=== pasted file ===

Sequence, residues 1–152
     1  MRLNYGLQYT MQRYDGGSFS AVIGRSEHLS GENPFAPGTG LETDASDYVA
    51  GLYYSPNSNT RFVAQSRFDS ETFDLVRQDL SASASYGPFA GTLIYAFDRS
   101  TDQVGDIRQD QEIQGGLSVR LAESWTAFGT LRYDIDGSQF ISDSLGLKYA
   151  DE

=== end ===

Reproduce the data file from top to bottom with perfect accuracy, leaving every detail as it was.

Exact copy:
Sequence, residues 1–152
     1  MRLNYGLQYT MQRYDGGSFS AVIGRSEHLS GENPFAPGTG LETDASDYVA
    51  GLYYSPNSNT RFVAQSRFDS ETFDLVRQDL SASASYGPFA GTLIYAFDRS
   101  TDQVGDIRQD QEIQGGLSVR LAESWTAFGT LRYDIDGSQF ISDSLGLKYA
   151  DE